Relationship of decreased amniotic fluid and perinatal outcome: a comparative study

Menka Verma, Surbhi Gupta, Meenu Vashist Ahuja, Charu Pratap


Background: A decreased amniotic fluid volume is frequently one of the first clues to an underlying fetal abnormality or maternal diseased state. Isolated oligohydramnios may occur in late pregnancy in patients with no other high risk factors and diagnosed on routine ultrasound. This study was conducted to assess the effect of oligohydramnios on perinatal outcome at or beyond 34 weeks of gestation with amniotic fluid index (AFI) ≤ 5.

Methods: 50 cases and equal controls were taken in the study which fulfilled the inclusion criteria. A written and informed consent was taken from all the subjects entering into the study. An ultrasound examination was performed on all the subjects entering the study. Phelan method was used for measurement of AFI. Measurement of the deepest pool in each quadrant was summated and AFI was recorded in centimeters.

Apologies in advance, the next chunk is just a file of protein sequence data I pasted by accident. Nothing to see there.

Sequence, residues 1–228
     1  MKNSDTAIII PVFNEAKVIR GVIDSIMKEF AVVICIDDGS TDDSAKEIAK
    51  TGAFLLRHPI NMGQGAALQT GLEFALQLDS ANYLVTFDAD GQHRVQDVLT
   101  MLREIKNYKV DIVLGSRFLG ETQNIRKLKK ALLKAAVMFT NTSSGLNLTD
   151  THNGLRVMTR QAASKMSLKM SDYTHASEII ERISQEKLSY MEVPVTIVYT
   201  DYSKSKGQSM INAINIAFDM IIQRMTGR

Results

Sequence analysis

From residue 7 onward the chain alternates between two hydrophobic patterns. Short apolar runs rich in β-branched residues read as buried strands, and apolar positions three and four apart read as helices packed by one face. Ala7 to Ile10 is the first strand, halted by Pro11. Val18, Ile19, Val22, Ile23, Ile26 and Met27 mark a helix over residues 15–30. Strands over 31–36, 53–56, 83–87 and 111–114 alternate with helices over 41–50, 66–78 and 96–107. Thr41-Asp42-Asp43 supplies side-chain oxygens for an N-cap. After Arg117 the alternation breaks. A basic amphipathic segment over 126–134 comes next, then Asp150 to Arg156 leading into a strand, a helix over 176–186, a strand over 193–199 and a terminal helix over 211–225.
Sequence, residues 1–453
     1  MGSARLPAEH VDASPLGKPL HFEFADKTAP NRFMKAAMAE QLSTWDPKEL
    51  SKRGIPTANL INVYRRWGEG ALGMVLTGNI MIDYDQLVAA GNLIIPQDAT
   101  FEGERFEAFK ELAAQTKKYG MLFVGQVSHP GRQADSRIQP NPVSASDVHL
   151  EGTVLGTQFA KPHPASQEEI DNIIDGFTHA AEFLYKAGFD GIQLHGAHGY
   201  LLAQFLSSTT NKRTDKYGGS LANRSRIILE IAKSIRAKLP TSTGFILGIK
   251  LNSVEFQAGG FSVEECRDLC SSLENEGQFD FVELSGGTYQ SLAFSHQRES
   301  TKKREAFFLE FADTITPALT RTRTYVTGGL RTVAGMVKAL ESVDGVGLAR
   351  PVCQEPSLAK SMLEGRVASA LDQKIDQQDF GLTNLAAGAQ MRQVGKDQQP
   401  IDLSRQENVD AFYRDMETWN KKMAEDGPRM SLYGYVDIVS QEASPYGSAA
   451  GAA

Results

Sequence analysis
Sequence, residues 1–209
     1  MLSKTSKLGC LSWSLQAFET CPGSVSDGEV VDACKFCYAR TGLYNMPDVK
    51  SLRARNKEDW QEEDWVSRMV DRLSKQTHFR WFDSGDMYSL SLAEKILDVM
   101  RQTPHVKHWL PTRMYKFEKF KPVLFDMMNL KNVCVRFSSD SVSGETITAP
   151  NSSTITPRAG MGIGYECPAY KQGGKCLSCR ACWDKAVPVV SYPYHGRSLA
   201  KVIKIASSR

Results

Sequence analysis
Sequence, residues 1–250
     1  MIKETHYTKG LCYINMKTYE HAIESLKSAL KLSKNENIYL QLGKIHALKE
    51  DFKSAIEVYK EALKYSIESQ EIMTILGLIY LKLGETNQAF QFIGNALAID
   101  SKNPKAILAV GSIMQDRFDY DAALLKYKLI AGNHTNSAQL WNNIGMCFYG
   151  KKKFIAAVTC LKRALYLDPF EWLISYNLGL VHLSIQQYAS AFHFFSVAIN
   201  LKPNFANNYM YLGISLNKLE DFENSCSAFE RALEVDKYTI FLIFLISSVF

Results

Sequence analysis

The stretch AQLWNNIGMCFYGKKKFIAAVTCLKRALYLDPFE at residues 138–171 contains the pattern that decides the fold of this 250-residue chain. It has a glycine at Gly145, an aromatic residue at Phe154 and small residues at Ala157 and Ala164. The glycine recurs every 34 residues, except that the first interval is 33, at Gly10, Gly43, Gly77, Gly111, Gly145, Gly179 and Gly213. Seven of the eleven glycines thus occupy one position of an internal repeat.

Results: Anthropometric variables were comparable in both the groups. The distribution of non-stress test (NST) and onset of labor was significantly different in both the groups. The presence of meconium stained liquor was non significantly same in both groups. Regarding neonatal outcome, birth weight less than 2.5 kg and APGAR score less than 7 was significantly higher in cases as compared to controls.

Conclusions: Oligohydramnios (AFI< 5) was associated with more number of preterm deliveries, non-reactive NST, fetal distress and more NICU admissions. More studies are needed for defining threshold levels for measuring AFI.


Amniotic fluid index, Oligohydramnios, Liquor, Fetal distress, Neonatal intensive care unit

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